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Owning Your Child: The Adoption Process in Ghana Made Simple

Francisca Serwaa Boateng, Esq.

FSB Law Consult, Ghana


The family is the basic unit of every society, and children form an important part of the family. Most people may have their own biological children, but it is also common to see people nurture and develop other children as their own through the process of adoption. Couples or individuals have different reasons for adopting children who may or may not be related to them, such as an inability to have their own children or a desire to help a specific child, for example. Adoption is simply the process by which a person may by law become the child of another person or persons who may not be their biological parent. The person adopting a child may be a complete stranger or a relative of that child. Under the laws of Ghana, only a child under the age of 18 years may be adopted. The adopted child has all the social, cultural, emotional, and legal benefits of biological children. People decide to adopt children for various reasons. These may include the following: i. To increase the number of one’s own children; ii. To give an orphaned child a parent/parents; iii. To help individuals and/or couples who would otherwise be unable to have children biologically; iv. To assist individuals to integrate and take care of their young relatives as part of their immediate family; and v. For altruistic purposes. Adoption could be done according to the customary law of the persons adopting the child or under the Children’s Act, 1998 (Act 560) and the Adoption Rules, 2003 (C.I 42). Adoption under customary law is done at the family or community level according to the customs and traditions of the applicants. The courts are not involved in that process. However, adoption under the Children’s Act is a formal legal process that is handled by courts. Individuals who want to adopt a child must hire a lawyer to prepare and file the necessary documents in court for an Adoption Order in respect of the child. The lawyer may file the application at the High Court, Circuit Court, or District Court (Family Tribunal, which is a simpler process) depending on the nature of the application and the parties. For applications before the High Court and Circuit Court, the lawyer will buy a set of Originating Summons Form from the High Court for processing and filing. The set must also include the following for filing: - Statement in Support of Application for an Adoption Order; - Medical Certificate as to the Health of the Applicants; - Medical Report as to the Health of the Child; - An Affidavit of Support of the Application for Adoption Order attested before a Commissioner for Oaths or Notary Public;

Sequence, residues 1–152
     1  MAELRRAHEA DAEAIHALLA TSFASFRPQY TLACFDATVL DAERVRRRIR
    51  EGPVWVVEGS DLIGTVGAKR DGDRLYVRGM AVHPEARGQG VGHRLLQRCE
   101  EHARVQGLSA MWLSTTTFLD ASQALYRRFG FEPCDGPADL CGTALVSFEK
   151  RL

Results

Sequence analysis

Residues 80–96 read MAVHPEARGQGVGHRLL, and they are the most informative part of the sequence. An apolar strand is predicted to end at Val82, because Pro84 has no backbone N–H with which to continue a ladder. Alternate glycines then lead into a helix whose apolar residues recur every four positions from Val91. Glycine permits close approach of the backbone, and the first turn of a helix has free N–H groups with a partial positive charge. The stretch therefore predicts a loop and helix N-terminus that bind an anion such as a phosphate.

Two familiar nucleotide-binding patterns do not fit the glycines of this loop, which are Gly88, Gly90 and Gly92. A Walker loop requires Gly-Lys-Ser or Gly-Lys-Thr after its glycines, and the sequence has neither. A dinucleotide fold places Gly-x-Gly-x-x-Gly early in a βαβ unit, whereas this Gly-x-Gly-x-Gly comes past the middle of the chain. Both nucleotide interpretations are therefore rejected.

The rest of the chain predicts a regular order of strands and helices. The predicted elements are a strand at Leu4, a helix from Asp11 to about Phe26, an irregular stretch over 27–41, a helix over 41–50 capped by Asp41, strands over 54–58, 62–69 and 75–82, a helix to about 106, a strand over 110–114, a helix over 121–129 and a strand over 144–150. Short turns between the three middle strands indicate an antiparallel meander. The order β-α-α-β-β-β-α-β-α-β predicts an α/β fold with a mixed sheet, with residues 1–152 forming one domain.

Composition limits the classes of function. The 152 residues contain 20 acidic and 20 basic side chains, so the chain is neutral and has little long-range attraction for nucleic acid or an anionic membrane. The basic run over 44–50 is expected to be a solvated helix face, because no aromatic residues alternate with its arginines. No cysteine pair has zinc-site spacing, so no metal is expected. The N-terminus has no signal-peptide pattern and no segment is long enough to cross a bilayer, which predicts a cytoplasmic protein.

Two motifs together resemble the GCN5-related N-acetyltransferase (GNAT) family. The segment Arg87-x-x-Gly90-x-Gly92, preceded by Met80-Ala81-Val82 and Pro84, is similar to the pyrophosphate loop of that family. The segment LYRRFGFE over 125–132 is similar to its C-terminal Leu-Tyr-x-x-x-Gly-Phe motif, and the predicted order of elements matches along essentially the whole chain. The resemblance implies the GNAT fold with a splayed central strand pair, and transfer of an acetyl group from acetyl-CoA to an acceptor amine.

- Power of Attorney which enables the lawyer to represent the person adopting the child in Court if they would not be present in Ghana at the time of going to Court; and

- Marriage Certificate if the applicants are a married couple as evidence of marital union between applicants.

In all adoption cases, the Department of Social Welfare is an interested party. Therefore, the Department conducts investigations into the background and lifestyle of the applicants to ascertain if they are financially fit and morally capable of adopting the child. If the applicants are out of the country, their lawyer will assist the assigned Social Welfare Officer with information to prepare of the report on the investigations. The findings of the Social Welfare Department, called a Social Enquiry Report, is submitted before the Court to assist the Court in making its order for the adoption.

The adoption process is guided by a strict regime of confidentiality. On the day of the adoption hearing, the proceedings are held in the Judge’s Chambers rather than in open court. Further, only the applicants, their lawyer, a Social Welfare Officer, and the Court clerk are allowed to be present. The law even allows applicants to hide their identity if they so wish.

The process of adopting a child through the legal process is a simple one. Any person who has the desire to adopt a child should seek proper legal advice from a qualified lawyer to make their journey to parenthood a straightforward, cost-effective, and enjoyable experience.


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